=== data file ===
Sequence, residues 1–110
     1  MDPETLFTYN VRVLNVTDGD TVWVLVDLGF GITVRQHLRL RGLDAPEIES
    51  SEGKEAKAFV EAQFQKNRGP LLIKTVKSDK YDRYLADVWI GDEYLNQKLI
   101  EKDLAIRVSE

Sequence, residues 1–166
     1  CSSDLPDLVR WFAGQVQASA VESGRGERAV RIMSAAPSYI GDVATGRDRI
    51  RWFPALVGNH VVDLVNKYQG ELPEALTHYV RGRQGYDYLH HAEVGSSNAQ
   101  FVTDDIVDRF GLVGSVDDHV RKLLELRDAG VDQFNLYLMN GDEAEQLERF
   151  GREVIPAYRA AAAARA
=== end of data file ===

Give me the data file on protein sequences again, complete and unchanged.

Sequence, residues 1–110
     1  MDPETLFTYN VRVLNVTDGD TVWVLVDLGF GITVRQHLRL RGLDAPEIES
    51  SEGKEAKAFV EAQFQKNRGP LLIKTVKSDK YDRYLADVWI GDEYLNQKLI
   101  EKDLAIRVSE

Sequence, residues 1–166
     1  CSSDLPDLVR WFAGQVQASA VESGRGERAV RIMSAAPSYI GDVATGRDRI
    51  RWFPALVGNH VVDLVNKYQG ELPEALTHYV RGRQGYDYLH HAEVGSSNAQ
   101  FVTDDIVDRF GLVGSVDDHV RKLLELRDAG VDQFNLYLMN GDEAEQLERF
   151  GREVIPAYRA AAAARA